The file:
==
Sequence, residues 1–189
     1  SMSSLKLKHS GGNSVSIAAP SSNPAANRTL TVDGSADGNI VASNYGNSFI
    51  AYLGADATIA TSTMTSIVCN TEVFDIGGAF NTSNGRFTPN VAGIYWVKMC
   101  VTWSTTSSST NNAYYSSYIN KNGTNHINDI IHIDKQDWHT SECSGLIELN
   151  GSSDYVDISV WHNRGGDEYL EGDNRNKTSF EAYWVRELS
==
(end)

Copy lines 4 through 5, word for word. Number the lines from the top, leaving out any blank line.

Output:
   101  VTWSTTSSST NNAYYSSYIN KNGTNHINDI IHIDKQDWHT SECSGLIELN
   151  GSSDYVDISV WHNRGGDEYL EGDNRNKTSF EAYWVRELS